What is tumor staging and how does it affect treatment? Dr. Subham Pant helps explain how pancreatic tumors are staged and graded.
Pancreatic cancer often comes on subtly.
Since the pancreas lies deep inside the body, it can be tough for patients and their doctors to feel or see tumors growing. By the time patients notice symptoms—stomach pain, jaundice, loss of appetite—the cancer has usually reached a more advanced stage.
“With pancreatic cancer, outcomes largely depend on whether the cancer can be surgically removed or not, more than the stage of disease,” says Shubham Pant, M.D., a gastrointestinal oncologist at MD Anderson Cancer Center in Houston, Texas. But that doesn’t mean staging isn’t relevant.
Doctors use the term “stage” to describe whether or not the cancer has spread—and if it has, how much. The earliest stage of pancreatic cancer is stage 0, or carcinoma in situ. By their nature, these tumors are more amenable to treatment, while later-stage cancers are more challenging to treat. To determine staging, doctors typically look at three factors:
1. The extent of the tumor: How big is the tumor and does it extend beyond the pancreas and affect nearby blood vessels?
2. Spread to lymph nodes: Are there signs of cancer in the nearby lymph nodes? If so, how many of the lymph nodes have cancer?
3. Spread to other organs: Has the cancer spread to distant lymph nodes and other organs?
Stages 0 to 4 fall into these basic categories:
Stage 0: With stage 0 cancer, also called carcinoma in situ, abnormal cells are confined to the lining of the pancreas. These cells have the potential to become cancer.
Stage I: Stage I disease describes a cancer that has formed in the pancreas. Stage I disease is further classified as stage IA and stage IB based on size. Stage IA disease is 2 centimeters or less while stage IB is larger than 2 centimeters.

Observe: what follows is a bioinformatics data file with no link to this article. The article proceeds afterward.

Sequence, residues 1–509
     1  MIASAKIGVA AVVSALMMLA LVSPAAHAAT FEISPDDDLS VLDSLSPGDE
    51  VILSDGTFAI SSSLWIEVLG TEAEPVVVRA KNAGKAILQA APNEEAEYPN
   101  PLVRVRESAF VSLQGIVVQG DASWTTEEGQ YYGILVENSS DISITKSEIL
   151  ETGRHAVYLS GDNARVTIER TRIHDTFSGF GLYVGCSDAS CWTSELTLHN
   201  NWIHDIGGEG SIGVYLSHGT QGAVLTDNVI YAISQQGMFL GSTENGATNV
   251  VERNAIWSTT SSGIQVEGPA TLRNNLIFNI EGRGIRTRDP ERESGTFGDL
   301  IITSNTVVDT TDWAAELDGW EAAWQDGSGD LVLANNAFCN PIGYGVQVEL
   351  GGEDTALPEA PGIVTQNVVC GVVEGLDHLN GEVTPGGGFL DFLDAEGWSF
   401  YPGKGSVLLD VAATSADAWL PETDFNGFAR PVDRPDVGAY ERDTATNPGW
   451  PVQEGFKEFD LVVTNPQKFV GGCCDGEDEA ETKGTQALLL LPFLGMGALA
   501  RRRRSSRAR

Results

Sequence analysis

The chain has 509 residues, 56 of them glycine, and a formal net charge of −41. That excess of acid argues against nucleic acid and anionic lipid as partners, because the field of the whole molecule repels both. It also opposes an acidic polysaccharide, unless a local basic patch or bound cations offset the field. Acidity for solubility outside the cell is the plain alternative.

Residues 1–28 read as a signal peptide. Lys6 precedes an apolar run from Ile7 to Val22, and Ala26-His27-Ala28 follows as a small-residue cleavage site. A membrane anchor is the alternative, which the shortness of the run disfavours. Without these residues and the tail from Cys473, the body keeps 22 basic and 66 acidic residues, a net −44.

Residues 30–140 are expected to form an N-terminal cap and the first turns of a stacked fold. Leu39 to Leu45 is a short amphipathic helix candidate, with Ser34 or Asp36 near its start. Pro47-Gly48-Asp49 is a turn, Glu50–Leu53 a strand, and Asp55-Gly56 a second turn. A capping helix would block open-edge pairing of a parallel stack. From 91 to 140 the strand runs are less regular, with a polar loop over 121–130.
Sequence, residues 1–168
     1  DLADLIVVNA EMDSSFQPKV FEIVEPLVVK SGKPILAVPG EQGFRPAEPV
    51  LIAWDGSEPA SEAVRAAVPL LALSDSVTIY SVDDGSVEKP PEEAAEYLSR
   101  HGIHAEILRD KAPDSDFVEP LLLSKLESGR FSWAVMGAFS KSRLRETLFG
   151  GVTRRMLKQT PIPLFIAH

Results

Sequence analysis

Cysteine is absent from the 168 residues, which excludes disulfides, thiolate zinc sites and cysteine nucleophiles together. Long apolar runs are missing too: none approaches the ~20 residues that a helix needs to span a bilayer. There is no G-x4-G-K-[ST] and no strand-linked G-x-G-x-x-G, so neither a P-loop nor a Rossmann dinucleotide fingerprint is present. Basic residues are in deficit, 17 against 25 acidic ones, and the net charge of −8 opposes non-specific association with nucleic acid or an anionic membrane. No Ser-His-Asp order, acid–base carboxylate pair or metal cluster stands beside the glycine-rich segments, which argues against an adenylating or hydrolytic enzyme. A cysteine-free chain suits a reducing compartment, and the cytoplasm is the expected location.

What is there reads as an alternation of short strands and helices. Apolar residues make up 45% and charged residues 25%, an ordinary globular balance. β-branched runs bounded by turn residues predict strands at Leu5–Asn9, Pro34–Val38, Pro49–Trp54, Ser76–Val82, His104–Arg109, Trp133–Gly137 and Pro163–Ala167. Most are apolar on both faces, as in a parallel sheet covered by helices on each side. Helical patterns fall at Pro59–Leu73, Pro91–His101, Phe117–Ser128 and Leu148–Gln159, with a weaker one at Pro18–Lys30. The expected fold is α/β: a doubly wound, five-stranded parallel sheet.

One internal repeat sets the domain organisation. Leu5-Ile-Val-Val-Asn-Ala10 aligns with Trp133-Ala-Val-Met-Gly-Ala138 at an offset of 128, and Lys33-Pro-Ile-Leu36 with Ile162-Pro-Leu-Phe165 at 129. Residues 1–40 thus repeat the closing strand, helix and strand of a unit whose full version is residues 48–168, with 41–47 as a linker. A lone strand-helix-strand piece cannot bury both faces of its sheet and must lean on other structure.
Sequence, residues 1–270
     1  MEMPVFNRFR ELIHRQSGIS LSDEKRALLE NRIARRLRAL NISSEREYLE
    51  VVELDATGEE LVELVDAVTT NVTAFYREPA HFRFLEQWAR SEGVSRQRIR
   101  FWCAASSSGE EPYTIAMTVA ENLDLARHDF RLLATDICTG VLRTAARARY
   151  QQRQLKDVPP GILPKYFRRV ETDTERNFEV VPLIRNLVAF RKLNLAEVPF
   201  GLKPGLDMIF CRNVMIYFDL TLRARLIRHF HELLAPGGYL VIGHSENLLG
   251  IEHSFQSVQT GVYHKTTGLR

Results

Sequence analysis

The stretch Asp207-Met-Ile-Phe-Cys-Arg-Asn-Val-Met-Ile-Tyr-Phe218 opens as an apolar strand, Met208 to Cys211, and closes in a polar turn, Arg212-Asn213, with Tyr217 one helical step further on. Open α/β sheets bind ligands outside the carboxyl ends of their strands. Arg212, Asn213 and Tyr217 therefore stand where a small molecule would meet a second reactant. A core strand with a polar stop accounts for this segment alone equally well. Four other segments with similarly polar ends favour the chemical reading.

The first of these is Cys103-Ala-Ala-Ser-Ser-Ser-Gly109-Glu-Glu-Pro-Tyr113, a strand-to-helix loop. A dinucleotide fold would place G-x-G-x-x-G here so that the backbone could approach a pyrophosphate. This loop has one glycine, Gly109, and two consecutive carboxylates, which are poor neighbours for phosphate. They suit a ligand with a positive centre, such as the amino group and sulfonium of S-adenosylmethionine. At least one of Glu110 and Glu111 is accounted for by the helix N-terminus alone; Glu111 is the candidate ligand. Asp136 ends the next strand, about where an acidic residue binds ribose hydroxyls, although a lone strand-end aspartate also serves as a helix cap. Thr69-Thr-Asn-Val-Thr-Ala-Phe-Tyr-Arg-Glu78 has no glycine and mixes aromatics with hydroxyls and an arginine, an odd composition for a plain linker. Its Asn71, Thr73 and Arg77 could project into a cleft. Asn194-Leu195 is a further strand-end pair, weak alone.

Stage II: Stage II disease includes cancers that have spread to the lymph nodes. Disease that is defined as stage IIA is larger than 4 centimeters. Stage IIB disease indicates the cancer has spread to nearby lymph nodes.
Stage III: With stage III disease, the cancer has spread not only to four or more nearby lymph nodes, but also to the major blood vessels near the tumor.
Stage IV: Stage IV disease means the cancer has spread to distant organs, such as the liver, lungs, and peritoneal cavity.
Grades are important, too, and they reflect how abnormal cells look under a microscope. Like stages, grade levels range between 1 and 4. Higher grade cancers are more aggressive and more likely to grow and spread to other tissues. These cells look highly abnormal under a microscope. Low grade cancers, on the other hand, are more likely to remain localized. In fact, grade 1 cancers look almost like normal cells under a microscope.
To confirm the diagnosis and determine a patient’s stage of disease, doctors rely on a variety of tests to determine whether surgical resection is an option. Common tests include:
Imaging: Imaging tests provide doctors with visual information about the pancreas, the cancer and the surrounding tissues. To get the clearest picture, doctors use a variety of tests, such as CT scans, MRIs, and endoscopic ultrasounds.
Biopsy: The only way to know for sure whether or not a mass is cancerous is to take a sample of the tissue and study it under a microscope. Doctors can retrieve tissue samples during surgery, or as part of certain imaging tests, such as endoscopic retrograde cholangiopancreatography, or ERCP.
Blood Tests: While lab tests are usually not important for staging, they can help guide treatment decisions. High levels of tumor markers, such as CA 19-9, may indicate cancer. Similarly, tumors that are blocking the bile duct can produce higher than normal levels of bilirubin and liver enzymes in the blood.
While the stage of disease is important, every case of pancreatic cancer is unique. Some patients will be eligible for surgery without systemic treatment while others will undergo chemotherapy to shrink their tumors so they’re eligible for surgery.
This functional staging system is part of how doctors determine pancreatic cancer treatment, including surgery. And in every case, it’s important for patients to know their options.
“Patients who have pancreatic cancer really need to seek treatment from a high-volume center,” Pant says. “That way, they have access to a multidisciplinary team of experts to help guide them through often difficult treatment decisions.”